One person always shared his desire to have deep fellowship with others, to cry and pray together but I never really understood why. But when he shared the reality of helping people in a messy, hopeless situation my heart was broken. It’s hard. We want to care for people when they look lovely but when we see the dirt and the endless need just beneath the surface, there is a strong urge to run away, to put up a barrier to protect our own life. We measure successful ministry by attendance, programs, and raising committed disciples but we may need a new metric for gauging success in light of this passage. This crowd would come and go. Yet to Jesus, to show the love of God and bring the kingdom of God to earth is worth it.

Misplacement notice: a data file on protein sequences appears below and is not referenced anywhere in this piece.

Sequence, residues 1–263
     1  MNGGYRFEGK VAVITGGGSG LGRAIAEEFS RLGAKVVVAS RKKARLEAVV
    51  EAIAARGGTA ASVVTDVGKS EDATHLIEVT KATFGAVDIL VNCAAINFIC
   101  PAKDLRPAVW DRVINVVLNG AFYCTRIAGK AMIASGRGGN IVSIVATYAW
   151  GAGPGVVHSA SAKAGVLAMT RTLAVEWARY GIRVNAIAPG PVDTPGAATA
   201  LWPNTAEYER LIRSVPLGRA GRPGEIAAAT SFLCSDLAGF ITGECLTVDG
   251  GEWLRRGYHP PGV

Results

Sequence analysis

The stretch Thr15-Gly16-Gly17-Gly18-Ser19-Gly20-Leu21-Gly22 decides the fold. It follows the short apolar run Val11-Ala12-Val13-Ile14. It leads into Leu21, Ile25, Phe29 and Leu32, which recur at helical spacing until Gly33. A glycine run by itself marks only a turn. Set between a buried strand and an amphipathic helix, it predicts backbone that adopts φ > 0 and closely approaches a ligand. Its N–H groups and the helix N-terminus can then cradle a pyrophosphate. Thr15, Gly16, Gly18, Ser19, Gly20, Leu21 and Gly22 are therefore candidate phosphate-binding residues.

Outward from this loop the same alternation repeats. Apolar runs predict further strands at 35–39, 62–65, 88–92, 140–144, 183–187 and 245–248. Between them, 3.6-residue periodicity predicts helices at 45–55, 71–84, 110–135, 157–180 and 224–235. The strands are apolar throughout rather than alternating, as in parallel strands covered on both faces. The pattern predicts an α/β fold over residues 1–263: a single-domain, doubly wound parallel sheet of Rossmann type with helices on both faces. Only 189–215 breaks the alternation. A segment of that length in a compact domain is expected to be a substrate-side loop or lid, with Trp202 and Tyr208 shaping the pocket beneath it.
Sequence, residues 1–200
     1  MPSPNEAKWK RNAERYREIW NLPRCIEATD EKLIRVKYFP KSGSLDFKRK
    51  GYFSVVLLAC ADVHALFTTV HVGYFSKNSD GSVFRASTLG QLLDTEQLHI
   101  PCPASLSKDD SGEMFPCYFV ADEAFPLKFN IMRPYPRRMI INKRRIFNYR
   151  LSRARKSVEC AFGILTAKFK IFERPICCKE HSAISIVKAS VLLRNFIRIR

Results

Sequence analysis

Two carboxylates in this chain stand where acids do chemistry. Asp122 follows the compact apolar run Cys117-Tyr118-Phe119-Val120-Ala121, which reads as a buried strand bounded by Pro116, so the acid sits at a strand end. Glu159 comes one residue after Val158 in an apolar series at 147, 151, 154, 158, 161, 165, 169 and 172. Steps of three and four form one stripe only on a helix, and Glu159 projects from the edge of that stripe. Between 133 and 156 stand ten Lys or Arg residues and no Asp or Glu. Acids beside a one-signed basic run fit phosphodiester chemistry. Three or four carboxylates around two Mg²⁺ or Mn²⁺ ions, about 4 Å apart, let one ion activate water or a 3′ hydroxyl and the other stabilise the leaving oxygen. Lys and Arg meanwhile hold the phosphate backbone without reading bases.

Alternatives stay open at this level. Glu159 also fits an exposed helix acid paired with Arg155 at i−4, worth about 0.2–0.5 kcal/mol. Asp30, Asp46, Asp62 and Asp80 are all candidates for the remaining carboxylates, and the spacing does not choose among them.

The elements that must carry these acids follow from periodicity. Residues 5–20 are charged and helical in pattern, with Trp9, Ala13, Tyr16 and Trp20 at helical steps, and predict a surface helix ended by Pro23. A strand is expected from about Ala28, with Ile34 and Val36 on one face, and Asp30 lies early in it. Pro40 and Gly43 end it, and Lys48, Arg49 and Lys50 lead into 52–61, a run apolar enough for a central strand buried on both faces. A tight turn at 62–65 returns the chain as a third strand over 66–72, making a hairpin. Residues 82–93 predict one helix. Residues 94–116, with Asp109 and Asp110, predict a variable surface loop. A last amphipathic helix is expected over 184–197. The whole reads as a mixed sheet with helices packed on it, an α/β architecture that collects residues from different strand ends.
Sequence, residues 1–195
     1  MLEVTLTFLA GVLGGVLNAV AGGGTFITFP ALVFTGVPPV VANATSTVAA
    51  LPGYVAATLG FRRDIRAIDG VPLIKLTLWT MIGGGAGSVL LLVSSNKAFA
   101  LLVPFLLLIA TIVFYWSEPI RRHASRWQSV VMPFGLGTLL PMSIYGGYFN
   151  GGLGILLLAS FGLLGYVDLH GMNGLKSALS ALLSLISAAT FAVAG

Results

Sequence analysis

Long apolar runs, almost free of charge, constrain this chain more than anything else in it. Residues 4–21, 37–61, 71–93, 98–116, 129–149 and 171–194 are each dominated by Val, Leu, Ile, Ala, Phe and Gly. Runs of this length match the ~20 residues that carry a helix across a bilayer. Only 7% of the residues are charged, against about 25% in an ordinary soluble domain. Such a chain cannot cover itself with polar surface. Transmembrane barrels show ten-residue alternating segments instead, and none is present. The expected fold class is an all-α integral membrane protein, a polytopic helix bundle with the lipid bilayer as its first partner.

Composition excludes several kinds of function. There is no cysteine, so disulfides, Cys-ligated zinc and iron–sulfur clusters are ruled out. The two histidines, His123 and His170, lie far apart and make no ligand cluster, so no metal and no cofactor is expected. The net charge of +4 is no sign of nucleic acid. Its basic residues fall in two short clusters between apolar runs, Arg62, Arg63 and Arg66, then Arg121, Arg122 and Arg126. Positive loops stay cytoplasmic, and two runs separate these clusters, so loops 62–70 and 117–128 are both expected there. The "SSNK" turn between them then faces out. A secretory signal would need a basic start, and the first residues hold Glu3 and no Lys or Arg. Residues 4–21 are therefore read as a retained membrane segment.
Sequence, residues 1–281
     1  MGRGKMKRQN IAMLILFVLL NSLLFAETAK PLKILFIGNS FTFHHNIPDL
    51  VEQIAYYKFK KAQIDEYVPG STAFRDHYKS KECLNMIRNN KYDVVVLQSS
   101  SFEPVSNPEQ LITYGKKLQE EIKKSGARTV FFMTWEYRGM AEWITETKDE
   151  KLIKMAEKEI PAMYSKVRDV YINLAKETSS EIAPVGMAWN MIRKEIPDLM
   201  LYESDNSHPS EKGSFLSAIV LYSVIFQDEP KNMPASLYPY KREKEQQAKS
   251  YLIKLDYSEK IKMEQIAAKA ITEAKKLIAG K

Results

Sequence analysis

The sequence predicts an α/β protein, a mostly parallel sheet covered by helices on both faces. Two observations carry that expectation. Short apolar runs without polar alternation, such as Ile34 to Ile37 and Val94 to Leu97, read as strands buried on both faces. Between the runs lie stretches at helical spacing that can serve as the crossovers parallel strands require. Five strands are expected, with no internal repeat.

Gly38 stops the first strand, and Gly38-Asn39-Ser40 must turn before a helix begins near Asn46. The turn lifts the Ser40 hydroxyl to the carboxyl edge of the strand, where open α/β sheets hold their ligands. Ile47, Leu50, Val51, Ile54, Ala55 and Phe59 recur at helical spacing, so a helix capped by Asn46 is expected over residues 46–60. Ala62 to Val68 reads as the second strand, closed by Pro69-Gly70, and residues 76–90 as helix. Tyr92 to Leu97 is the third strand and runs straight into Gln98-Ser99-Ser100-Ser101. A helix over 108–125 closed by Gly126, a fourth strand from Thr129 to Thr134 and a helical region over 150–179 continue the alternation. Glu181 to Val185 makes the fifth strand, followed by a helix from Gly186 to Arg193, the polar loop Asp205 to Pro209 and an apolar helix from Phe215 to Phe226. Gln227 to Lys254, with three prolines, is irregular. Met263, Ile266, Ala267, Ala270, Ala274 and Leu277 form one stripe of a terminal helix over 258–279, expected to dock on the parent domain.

Yet not all were there to be healed, it says that “those with diseases were pushing forward,” meaning there were those without diseases, those who had come to hear the word of God and follow and learn from Jesus. Jesus cared for ALL their needs both spiritual and physical holistically. Though Jesus healed many they were pressing forward to try to be first, so much so that Jesus had to have a boat ready to retreat into (9-10). It shows that the need was greater than what Jesus could physically do as a man—I think our doctors and nurses these days can really relate to this situation. Mark 6:34 says, “Jesus…had compassion on them, because they were like sheep without a shepherd.” There were so many—too many—Bible experts in the land but there were no shepherds. In our times too, there is so much need. We know the ravaging effects that the pandemic has had on people’s emotional and mental well-being. People are isolated and afraid, some cannot make ends meet. I wasn’t for the reopening of schools but my heart was broken when I read about the drastic increase in child abuse and hunger as a result of the closures. For many home is a place they need to escape from, a place of fear and neglect—that fear is hell, I know that fear. At the same time, the Greater Chicago Religious Directory of the Church Federation of Greater Chicago once listed over 10,000 individual churches—that would mean there’s roughly a church for every 300 people in Chicago yet there is so much despair. One Tribune Article read, “Drugs, despair in community of ‘1,000 churches.’”  What do we need in our times? What did Jesus do when he saw the need of his times?